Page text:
Tiruchi Mahaswamigal was a stickler for principles. His advice to his successor was dharma prachara (propagation of righteous living). “This was the word he always used. ‘Follow Vedas and be immersed in Bhagavanthana chintana (thought of God) do not deviate from the dharma’ was his advice, ” recounted Jayendra Puri Swamiji. “His way of looking at things was philosophical–he’d say, ‘What is the use of discourses? Have you attended to the personal need of the tormented devotee who is seeking your darshan?’ Swamiji took personal interest in the well being of the devotees. He knew every devotee’s family tree at least three generations upwards and down to present. There was a personal touch he lent. He knew the sampradaya (tradition) to which the devotee belonged and spoke to each devotee in his own language, ” says Jayendra Puri. Swamiji was a linguist, and was proficient in Tamil, Telugu, Kannada, Malayalam, Marathi and Hindi. Jayendra Puri himself is fluent also in several languages and speaks immaculate English.
In fact, Tiruchi Mahaswamigal surprised me in my very first meeting, by guessing my sub-sect. He spoke glowingly about a prominent spiritual savant (Holenarsipur Swamiji) from our sub-sect who had deeply influenced Tiruchi Swamiji. We were spellbound.
From my frequent interactions and visits to the ashram and temple I have seen people of immense faith and belief. They vouch that the powers of this place are responsible for their well-being. “We were in doldrums after suffering huge losses in business. We sought the blessings of Devi (Goddess) and Swamiji here. We came out of it, and God has kept us well ever since. There is great power in this Goddess, and that is because of Swamiji, ” said Chaitanya Kumar, an old neighbor and friend of mine.
“Swamiji disliked indulging in worldly affairs and refused to comment on matters of current developments. Yet politicians, bureaucrats, professionals, and layman alike had immense faith in him. He was the benign reliever of their troubles. His spiritual powers lay hidden deep inside and only a devotee could feel the vibration, ” says Mr. Krishnan, a regular visitor to the ashram.
Since his early days, Swamiji has worked methodically for the revival of Hinduism. He’s improved temples by raising money for construction and renovation. Kailash Ashrama has spawned a number of subsidiary spiritual centers in Karnataka and Tamil Nadu. But more importantly, and a reflection of his far-sightedness, his ashram’s patasala schoot has graduated a steady stream of proficient priests since its founding in 1976. Some of the patasal boys, after thorough religious training at the ashram, opted to become monks. They joined Kailash or another ashram, greatly improving the religious teaching and leadership. Prominent among these are Jagadguru Sri Sri Sri Balagangadharanatha Swami of Adi Chunchanagiri Mutt in Bellur, Swami Sivananda Bharati, head of Siddharudanatha Math and Kumaraswamy, head of the Thiruchi Swami Math.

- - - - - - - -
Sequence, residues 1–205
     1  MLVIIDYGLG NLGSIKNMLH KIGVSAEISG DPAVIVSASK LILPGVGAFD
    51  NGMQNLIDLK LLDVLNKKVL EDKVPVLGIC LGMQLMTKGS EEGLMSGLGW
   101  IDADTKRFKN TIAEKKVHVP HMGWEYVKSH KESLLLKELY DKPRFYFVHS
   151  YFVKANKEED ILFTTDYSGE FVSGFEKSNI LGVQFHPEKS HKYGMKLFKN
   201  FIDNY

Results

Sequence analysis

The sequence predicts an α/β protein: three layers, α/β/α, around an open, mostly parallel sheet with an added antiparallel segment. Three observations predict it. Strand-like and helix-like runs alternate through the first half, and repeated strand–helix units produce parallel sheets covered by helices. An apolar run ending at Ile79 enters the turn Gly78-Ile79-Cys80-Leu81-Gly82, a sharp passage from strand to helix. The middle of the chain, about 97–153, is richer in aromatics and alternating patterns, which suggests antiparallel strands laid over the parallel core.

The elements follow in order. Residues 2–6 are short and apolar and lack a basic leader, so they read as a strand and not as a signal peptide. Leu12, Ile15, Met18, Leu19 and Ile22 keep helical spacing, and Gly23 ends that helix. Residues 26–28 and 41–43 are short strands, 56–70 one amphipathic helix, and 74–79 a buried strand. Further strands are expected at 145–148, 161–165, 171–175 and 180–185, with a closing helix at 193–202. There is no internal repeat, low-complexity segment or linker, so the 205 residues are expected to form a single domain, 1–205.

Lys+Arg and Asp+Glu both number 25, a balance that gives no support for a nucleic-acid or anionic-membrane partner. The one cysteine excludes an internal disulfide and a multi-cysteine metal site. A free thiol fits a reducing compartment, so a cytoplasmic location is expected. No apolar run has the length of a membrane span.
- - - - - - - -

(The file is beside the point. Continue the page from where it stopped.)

Early life: Sri Tiruchi Mahaswamigal was destined to be a monk. While traveling at Kanya Kumari, a place of great religious significance in South India, his parents were informed by a stranger near the Devi temple, “By the grace of the Divine Mother and Lord Subramanya, a glorious son will be born to you. He will be a teacher and benefactor for all mankind.” Born in 1929, young Palaniswami was drawn to religious life right from his childhood. While in his 20s, he traveled to Nepal and was initiated as Jagadguru Sri Sri Sri Shivarathnapuri Bhagavat.
Tiruchi Swami was instructed by his guru, Shivapuri Baba, to return to India, propagate dharma and build a temple. Before returning, Swamiji went to Mount Kailash. There he had a vision of Goddesses Durga, Lakshmi and Saraswati, who told him, “Proceed south, and establish an ashram there.” Swamiji had a divine inspiration to start the ashram and temple near Bangalore.
Unlike other renunciates, Swamiji was always attired in white and not in saffron. “He was given permission by his guru not to change the color of his attire. Earlier, an elderly lady who nurtured Swamiji as a young boy and wielded tremendous spiritual influence over him had advised Swamiji to be a true sadhu. She had advised him to refrain from wearing saffron just for outwardly opulence of a sannyasi, ” explained Jayendra Puri. “True to this, Swamiji never wore saffron or rudraksha, never wore stitched or ironed cloth, never used a telephone, never took coffee or tea.”
A yogi passing away from the material world never leaves a void. But for the multitude of monks, devotees, staffers at the temple and ashram, young students at Gurukula, and particularly for his ardent student-successor Sri Jayendra Puri, it will be a long while before they reconcile to the absence of the silent stalwart who was their beacon of light.”